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Your system can be described by the following matrix:

$$\left(\matrix{0&1&0&0&0\\0&0&1&0&0\\0&0&0&1&0\\0&0&0&0&1\\1&0&1&0&0\\}\right)\left(\matrix{x_n\\x_{n+1}\\x_{n+2}\\x_{n+3}\\x_{n+4}}\right)=\left(\matrix{\matrix{x_{n+1}\\x_{n+2}\\x_{n+3}\\x_{n+4}\\x_{n+5}}}\right)$$

Therefore all you need is to prove that the $31$st power of this matrix is the identity over $\mathbb{Z}_2$ (which is true, btw!).

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Your sequence of bits comes together with a matching generating function $$ X(t)=x_0+x_1t+x_2t^2+\cdots=\sum_{i=0}^\infty x_it^i\in\Bbb{F}_2[[t]]. $$ Because all the arithmetic is done modulo two, the recurrency relation can be written to read $x_n+x_{n+2}+x_{n+5}=0$ for all $n\ge0$. The sum $x_n+x_{n+2}+x_{n+5}$ appears as the coefficient of $t^{n+5}$ the product $ (1+t^3+t^5)X(t). $ Check this yourself if you have never seen it, but this is really bread&butter in the theory LFSR-sequences. Consult e.g. Solomon Golomb's book.

Anyway, this means that all the terms of degree $5$ or higher in the product $X(t)(1+t^3+t^5)$ vanish. We therefore have the equation $$ X(t)=\frac{A(t)}{1+t^3+t^5}\tag{1} $$ for some polynomial $A(t)\in\Bbb{F}_2[t]$ of degree $\le4$.

Let's continue. Next I claim that the feedback polynomial $P(t)=1+t^3+t^5$ is irreducible in $\Bbb{F}_2[t]$. It is of degree five, so if it were reducible, then it would necessarily have a factor of degree at most two. But, $P(0)=P(1)=1$, so it has no zeros (and hence no linear factors). Nor is it divisible by the only irreducible quadratic polynomial $Q(t)=t^2+t+1$. This is because $Q(t)(t+1)=t^3+1$, so if $P(t)$ were divisible by $Q(t)$ so would be the monomial $t^5$, but that is absurd (by the uniqueness of factorization).

The basic properties of finite fields then tell us that

  • the zeros of $P(t)$ are in the field $\Bbb{F}_{32}$ (aka $GF(32)$) and,
  • therefore the zeros of $P(t)$ have multiplicative order that is a factor of $32-1=31$, and
  • because $31$ is a prime (and $1$ is not a zero of $P(t)$), those zeros have order $31$ exactly.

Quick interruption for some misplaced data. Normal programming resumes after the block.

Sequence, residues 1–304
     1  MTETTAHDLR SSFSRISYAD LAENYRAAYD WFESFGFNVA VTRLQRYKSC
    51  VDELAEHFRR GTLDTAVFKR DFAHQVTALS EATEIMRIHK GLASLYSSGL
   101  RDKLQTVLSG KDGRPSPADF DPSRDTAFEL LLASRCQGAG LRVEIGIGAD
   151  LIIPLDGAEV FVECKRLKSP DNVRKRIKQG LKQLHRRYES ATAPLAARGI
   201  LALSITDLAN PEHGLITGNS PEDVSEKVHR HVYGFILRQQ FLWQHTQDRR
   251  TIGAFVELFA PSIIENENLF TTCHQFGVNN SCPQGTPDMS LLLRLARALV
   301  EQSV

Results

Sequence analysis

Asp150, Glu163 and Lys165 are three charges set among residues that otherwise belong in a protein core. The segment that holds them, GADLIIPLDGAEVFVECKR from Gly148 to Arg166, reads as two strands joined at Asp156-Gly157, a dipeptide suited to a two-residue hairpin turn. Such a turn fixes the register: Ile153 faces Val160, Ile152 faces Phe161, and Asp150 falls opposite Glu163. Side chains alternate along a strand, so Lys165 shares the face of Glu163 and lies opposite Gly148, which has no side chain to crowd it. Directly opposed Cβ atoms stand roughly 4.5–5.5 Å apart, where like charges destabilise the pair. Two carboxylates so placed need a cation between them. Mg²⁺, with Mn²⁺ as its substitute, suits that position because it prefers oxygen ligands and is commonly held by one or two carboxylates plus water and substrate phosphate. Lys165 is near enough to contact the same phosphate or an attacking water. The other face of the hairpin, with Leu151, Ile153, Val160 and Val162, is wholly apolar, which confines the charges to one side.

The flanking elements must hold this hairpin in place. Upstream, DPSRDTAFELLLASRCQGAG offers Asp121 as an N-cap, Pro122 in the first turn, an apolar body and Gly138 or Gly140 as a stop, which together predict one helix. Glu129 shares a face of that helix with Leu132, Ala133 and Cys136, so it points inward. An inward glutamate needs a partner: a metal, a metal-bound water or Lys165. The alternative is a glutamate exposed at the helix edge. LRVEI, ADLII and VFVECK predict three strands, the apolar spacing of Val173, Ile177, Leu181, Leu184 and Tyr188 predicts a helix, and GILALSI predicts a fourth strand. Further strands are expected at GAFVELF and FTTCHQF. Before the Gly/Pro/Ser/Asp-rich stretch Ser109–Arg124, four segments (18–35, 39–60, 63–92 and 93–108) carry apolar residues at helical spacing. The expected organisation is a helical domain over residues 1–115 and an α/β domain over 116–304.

Consequently $P(t)$ is a factor of the polynomial $t^{31}-1$. In many sources this fact is phrased as follows: the order of $P(t)$ is $31$. The argument outlined in the above sequence of bullets can be written using the concept of the order alone. I did it this way, because I think that on this site less people are familiat with that language.

Anyway, $P(t)R(t)=1-t^{31}$ for some polynomial $R(t)\in\Bbb{F}_2[t]$ of degree $31-5=26$. This allows us to rewrite $(*)$ as $$ X(t)=\frac{A(t)R(t)}{1-t^{31}},\tag{2} $$ where $$ Q(t)R(t)=b_0+b_1tb_2t^2+\cdots b_{30}t^{30}\tag{3} $$ is a polynomial of degree $\le30$.

By the familiar sum formula for the geometric series $$ \frac1{1-t^{31}}=1+t^{32}+t^{2\cdot31}+t^{3\cdot31}+\cdots=\sum_{k=0}^\infty t^{k\cdot31}.\tag{4} $$

Putting $(2),(3)$, and $(4)$ together we see that the coefficients of $X(t)$ follow a repeating period of length 31. A single period can be read from the coefficients of the product $A(t)R(t)$.

A final remark. A user of a linear feedback shift register with this feedback polynomial $P(t)$ can adjust the coefficients of the polynomial $A(t)$ be initializing the LFSR with those coefficients. Some other readers would think of doing the same by declaring another initial segment $x_0,x_1,x_2,x_3,x_4$. All according to which sequence you want to produce. Actually, in this case all the $31$ non-zero initializations simply produce the $31$ cyclic shifts of the same $m$-sequence, but let's leave that for the specialists.